Leftovers of this would be great wrapped in a tortilla for a burrito. Add some eggs for a protein-rich breakfast burrito.

Beef Fajita Rice
Printable Recipe

1 lb lean beef steak, such as top sirloin, cubed
1 small onion, diced
1 bell pepper, any color, diced (or use one half of two different colored peppers for more color variegation)
2 cloves garlic, minced
1 1/2 tsp ground cumin
1 1/2 tsp chili powder
1 tsp ground coriander
1 tsp dried oregano
1 cup canned beans, drained and rinsed (kidney, pinto, or black beans are good choices)
1/2 cup prepared salsa
2 cups low sodium beef or chicken broth
1 cup quinoa
non-stick cooking spray

1. Spray a large, lidded skillet or saucepan with non-stick cooking spray and heat over medium-high heat. When warm, add beef, season with salt and pepper, and lightly brown before adding the onion, bell pepper, and garlic. Cook until the vegetables are tender, then season with cumin, chili powder, coriander, and oregano. Cook about 30 seconds, or until the spices are fragrant.
2. Add the beans and salsa and stir to combine.
3. Add the broth and bring the temperature to high. Allow the liquids to boil, then add the quinoa. Lower the heat to medium-low and place on the lid. Steam the quinoa 10-15 minutes or until tender. Serve warm with your favorite fajita toppings, if desired.

  • Servings per recipe: 4
  • Per serving:
  • Calories: 423
  • Fat: 10.8 g
  • Saturated fat: 3.3 g
  • Cholesterol: 101 mg
  • Sodium: 667 mg
  • Carbohydrates: 35.3 g
  • Fiber: 5.3 g
  • Sugar: 3.6 g
  • Protein: 44.4 g

Friday, November 12, 2010

Roasted Spaghetti Squash with Frizzled Brussels Sprouts

 Anne Burrell, host of Food Network's Secrets of a Restaurant Chef, has become one of my new favorites to watch. Her enthusiasm for food to contagious, and her ease of explaining was seems complex dishes makes even the most timid home chef feel competent. Being Mario Batali's sous chef on Iron Chef America, you already get the idea that her recipes walk the tight wire between rustic and elegant.

One of her recent shows featured unique side dish of crispy brussels sprout leaves folded into strands of roasted butternut squash. I love roasted brussesl sprouts because those charred edges taste almost popcorn-like, plus they have the crisp factor. I love, love, love spaghetti squash because it tastes just like a regular white potato! Sort of like eating hash browns (btw, leftovers of this recipe was great with eggs for breakfast).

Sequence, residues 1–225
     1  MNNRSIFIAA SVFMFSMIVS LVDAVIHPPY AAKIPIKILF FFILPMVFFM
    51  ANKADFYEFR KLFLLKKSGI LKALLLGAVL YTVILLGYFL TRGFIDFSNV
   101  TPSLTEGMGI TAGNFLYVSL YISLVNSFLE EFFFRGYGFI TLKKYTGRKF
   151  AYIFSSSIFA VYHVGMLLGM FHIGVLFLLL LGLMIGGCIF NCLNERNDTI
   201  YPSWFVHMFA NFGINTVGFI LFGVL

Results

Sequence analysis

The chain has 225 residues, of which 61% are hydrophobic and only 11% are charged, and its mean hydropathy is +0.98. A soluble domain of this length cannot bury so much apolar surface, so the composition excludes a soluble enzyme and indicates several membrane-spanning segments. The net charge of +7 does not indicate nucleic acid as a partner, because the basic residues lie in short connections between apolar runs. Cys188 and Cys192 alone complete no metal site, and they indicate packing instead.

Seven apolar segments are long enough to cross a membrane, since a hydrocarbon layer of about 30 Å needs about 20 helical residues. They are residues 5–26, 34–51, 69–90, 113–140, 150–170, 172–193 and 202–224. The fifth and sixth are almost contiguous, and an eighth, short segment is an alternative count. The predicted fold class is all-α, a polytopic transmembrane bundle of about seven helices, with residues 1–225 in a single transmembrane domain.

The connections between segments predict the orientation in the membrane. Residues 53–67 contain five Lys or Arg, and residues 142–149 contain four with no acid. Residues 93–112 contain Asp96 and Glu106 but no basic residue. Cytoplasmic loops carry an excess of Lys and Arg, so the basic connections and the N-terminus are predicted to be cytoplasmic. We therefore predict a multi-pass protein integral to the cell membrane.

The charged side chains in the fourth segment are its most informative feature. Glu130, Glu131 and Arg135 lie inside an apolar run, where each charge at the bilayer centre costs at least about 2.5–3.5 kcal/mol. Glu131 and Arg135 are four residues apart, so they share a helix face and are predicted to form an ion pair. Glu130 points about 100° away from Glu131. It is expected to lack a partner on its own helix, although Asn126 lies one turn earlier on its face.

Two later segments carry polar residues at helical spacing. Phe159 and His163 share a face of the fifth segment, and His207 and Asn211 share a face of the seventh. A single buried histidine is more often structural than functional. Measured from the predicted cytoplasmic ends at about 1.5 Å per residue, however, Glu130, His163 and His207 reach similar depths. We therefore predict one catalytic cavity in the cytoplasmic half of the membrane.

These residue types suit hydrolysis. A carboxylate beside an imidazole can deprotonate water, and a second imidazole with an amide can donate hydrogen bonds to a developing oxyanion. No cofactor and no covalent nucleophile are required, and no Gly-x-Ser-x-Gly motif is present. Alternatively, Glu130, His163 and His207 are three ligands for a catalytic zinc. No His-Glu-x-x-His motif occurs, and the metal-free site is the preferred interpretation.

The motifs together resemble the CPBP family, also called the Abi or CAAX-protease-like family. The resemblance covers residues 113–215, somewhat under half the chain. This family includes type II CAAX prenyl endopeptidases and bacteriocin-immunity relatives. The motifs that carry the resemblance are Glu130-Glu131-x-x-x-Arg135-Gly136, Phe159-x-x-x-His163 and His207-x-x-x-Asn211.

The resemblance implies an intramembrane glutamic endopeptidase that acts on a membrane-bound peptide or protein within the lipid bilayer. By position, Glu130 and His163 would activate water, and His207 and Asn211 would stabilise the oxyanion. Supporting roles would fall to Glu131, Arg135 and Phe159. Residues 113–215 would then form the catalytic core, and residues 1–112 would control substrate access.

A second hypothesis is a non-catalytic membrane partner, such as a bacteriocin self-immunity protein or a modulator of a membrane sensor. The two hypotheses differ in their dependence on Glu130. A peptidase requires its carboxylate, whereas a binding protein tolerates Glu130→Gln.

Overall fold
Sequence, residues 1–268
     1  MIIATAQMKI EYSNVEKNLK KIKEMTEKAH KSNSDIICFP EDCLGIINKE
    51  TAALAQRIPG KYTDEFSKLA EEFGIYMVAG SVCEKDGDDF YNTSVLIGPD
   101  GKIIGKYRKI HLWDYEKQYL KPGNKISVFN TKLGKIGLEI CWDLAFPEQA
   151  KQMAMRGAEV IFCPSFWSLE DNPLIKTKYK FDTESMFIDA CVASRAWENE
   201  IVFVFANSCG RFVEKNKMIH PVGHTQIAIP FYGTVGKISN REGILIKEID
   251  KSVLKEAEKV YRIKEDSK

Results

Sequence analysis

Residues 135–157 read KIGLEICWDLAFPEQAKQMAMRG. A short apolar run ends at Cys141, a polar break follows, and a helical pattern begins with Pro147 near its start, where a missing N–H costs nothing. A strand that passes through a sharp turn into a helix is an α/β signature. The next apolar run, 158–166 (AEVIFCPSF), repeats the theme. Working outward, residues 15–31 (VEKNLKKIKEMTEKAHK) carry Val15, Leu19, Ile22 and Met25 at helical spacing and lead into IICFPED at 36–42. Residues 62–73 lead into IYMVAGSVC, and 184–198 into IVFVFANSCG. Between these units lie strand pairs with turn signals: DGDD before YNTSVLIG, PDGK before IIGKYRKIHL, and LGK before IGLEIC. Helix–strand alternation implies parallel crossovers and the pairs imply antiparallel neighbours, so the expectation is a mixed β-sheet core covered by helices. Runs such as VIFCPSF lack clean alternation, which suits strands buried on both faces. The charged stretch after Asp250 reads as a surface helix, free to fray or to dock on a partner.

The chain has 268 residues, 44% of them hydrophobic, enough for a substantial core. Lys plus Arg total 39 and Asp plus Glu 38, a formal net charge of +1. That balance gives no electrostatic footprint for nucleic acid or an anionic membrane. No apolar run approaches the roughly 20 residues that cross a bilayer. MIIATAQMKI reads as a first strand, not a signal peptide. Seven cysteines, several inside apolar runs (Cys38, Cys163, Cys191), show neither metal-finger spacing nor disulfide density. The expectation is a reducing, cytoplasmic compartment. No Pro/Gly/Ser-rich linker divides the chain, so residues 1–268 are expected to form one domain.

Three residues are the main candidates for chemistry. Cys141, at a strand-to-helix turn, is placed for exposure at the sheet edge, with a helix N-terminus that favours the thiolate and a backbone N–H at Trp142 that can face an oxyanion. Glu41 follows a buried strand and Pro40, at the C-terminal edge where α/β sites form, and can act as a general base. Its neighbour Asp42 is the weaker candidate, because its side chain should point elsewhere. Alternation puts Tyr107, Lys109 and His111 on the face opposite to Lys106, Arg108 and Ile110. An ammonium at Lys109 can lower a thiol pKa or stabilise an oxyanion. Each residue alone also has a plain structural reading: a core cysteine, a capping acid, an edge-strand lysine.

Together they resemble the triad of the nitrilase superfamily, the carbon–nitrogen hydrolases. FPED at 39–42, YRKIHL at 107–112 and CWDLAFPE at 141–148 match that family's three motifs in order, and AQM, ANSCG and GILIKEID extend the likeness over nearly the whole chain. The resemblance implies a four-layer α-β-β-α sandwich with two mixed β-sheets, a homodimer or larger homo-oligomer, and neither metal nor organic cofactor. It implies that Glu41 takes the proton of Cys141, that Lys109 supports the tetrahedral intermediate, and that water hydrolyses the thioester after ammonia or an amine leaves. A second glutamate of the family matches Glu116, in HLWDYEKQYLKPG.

I have to confess, I made the recipe a little easier on myself by basically cheating. You're supposed to pull off every leaf of the sprout and then crisp them in a pan. Well, I got about 5 or 6 leaves into each sprout, which is where pulling the leaves apart becomes more tedious and I got super impatient. I decided to julienne the core section of each sprout just so I could get through prepping them a little faster. I think the julienned pieces got even more crispy than the whole leaves, but the whole leaves looked so pretty that it became a nice compromise between ease of preparation and aesthetics. 

With Thanksgiving coming up, this would be a great addition to the spread. You might even allow this to double up as your starch and vegetable for less trouble for yourself!

Roasted Spaghetti Squash with Frizzled Brussels Sprouts
Printable Recipe

1 3-to-3 1/2 lb spaghetti squash
4 tsp extra virgin olive oil
1 pint Brussels sprouts
3 garlic cloves, smashed
salt and pepper

1. Preheat oven to 375 degrees F.
2. Split the squash in half lengthwise and brush the cut side with 1 tsp of the oil. Season the cut side with salt and pepper. Place the squash cut-side down onto a baking sheet. Line the sheet with foil for easy cleanup. Bake the squash for 1 hour or until it is tender all the way through.
3. Meanwhile, pull the leaves from the sprouts; cut the tough center into julienned strips if the leaves won't come apart.